Posted On April 23, 2023
I decided to write short stories again, solely for the pleasure of writing them and sharing them. I asked my daughter for a prompt. She said she wondered about the flower peddlers on the side of the rode, about the economics of selling roses that way, and the different reasons people would stop and by them there, instead of in the store. I wrote this freehand, outdoors on a sunny day, in about two hours. Life is good.
By Ann Hutchinson (Copyright April 22, 2023)
Camilla took off her panama hat and wiped her forehead with her bandana. A twinge in her back reminded her to get up and stretch. She got up slowly and carefully, mindful of her movements. The heat helped. She felt good and flexible today. It was the frosty days that caused the most trouble. Though she was hot and sticky, she worried more about the roses.
As she put her hat back on, she watched as a blue SUV slowed and pulled onto the gravel verge. The sole occupant, a man in a salmon-colored polo shirt, didn’t get out. Camilla guessed he was wrestling with a decision. Whether to buy her roses, take the job offer, or move far away, Camilla couldn’t guess. And guessing was something she couldn’t help doing. It helped pass the time. She sat back down on her camp chair. Her mind wandered as she waited to see if he would come buy her flowers. She remembered when she sat in her car aching to know what to do. That was a lifetime ago, but it left an indelible imprint. She wondered every day if she had made the right choice. Asked herself if she would have made a different one, if she’d known about the unforeseen consequences. But she never answered the question. Day by day, brushing it aside as pointless.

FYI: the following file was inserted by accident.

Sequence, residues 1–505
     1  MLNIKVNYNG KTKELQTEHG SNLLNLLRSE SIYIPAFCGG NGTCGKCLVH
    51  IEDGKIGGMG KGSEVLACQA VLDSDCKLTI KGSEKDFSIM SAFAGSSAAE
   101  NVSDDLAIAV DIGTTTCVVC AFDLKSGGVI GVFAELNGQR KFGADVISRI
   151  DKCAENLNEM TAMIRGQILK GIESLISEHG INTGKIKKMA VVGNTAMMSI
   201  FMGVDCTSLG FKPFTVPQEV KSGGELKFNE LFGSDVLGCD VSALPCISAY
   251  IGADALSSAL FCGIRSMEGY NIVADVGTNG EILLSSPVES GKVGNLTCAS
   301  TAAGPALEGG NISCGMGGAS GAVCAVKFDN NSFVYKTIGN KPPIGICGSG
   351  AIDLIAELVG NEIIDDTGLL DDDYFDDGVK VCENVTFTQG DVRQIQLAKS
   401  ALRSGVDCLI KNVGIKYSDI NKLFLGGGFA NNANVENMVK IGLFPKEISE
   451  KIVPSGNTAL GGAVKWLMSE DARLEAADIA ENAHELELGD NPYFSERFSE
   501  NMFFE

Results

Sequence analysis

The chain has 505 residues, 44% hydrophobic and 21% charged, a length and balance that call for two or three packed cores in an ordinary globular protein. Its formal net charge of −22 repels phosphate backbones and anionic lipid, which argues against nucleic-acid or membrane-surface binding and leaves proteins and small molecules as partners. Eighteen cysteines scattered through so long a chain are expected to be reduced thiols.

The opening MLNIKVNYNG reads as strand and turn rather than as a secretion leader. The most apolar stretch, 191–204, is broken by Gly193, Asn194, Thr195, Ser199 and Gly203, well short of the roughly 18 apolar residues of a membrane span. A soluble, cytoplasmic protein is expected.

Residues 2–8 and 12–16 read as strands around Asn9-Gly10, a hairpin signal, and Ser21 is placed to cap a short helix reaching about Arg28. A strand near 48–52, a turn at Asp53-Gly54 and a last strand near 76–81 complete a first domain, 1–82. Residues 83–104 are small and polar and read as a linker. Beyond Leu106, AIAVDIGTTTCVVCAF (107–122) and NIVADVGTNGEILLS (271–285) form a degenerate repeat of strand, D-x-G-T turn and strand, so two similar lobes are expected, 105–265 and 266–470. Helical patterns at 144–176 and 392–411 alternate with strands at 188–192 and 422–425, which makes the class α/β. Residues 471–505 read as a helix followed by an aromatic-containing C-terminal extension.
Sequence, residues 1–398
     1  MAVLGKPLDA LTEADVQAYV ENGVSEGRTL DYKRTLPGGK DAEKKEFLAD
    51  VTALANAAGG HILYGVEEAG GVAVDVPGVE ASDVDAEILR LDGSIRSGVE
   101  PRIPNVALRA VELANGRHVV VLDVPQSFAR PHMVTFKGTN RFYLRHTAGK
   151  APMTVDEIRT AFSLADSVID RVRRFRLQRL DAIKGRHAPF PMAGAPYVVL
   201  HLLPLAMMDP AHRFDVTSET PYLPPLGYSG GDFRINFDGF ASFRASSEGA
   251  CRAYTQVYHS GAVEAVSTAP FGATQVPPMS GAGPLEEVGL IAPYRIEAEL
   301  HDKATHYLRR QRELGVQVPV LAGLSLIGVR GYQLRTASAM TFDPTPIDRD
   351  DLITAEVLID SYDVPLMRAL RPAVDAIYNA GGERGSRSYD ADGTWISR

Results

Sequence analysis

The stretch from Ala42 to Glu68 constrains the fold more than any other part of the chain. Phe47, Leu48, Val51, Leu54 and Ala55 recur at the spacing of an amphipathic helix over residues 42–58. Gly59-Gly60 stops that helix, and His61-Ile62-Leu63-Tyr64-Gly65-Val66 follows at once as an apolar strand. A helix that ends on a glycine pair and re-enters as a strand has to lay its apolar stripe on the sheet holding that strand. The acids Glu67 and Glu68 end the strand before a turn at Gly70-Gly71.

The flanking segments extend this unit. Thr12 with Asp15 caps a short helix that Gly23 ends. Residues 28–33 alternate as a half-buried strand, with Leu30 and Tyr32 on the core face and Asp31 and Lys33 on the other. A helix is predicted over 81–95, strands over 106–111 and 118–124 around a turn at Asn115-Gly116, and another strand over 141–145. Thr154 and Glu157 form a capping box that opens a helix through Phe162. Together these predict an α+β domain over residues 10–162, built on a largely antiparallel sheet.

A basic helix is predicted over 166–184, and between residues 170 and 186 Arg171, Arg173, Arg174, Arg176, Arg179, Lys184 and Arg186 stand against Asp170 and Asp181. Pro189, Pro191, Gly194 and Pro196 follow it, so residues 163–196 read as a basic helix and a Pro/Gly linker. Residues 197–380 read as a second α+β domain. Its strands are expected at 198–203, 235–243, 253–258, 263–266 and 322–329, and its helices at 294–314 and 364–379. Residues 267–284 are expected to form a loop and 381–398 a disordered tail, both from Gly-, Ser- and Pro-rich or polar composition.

The man leaned forward. Maybe reading a text. His thick black hair fell in his face as he threw his head back against the headrest. Then he saw Camilla gazing at him. ‘Busted,’ she thought. ‘I shouldn’t have been watching his drama. It isn’t for me to see.’
He seemed to come to a decision. He became aware of his surroundings, squared his shoulders, and slipped a neutral mask back on. He got out and smiled. Or rather his mouth smiled. He had full lips and chocolate brown skin. His almond eyes betrayed his grief. He kept his head down as he made his way to the flower stand. As he came to the umbrella shading the roses of yellow, red, and pink, he lifted his gaze to Camilla. “Your roses are beautiful,” he said.
“Thank you. Will you save some of them from this wilting heat?”
“Of course,” he said. Then he just stood there, as if the transaction was complete, and he didn’t know what to do next.
Camilla left him to his grief. Let him have a moment to collect himself. After three minutes, she could stand it no longer. She felt a bit like a voyeur. She busied herself with making him a bouquet. She didn’t ask how many, what colors, what’s the occasion. She just put together the best bouquet of the day. Camilla witnessed a slice of many a life’s events. Couples in love, eager men choosing flowers for a first date, men who came irregularly. Some of those men looked at her and knew that she knew it, too. Flowers wouldn’t fix the “thing.” It was just too big to fix with flowers. She also shared the spontaneous joy of the people so in love that they needed to express it or die. And sometimes, she was a grief counselor.
As she tied the bouquet, his eyes seemed to focus again, his soul returning from wherever it had fled or burrowed. He looked embarrassed. Camilla thought, not for the first time, that people, at least those who didn’t stay stuck for their whole life, experience embarrassment to a lesser and lesser degree as they aged. She pegged him for 36, though she was never very good at guessing ages. Thirty-somethings still thought social norms were absolute and that politeness was more important than authenticity.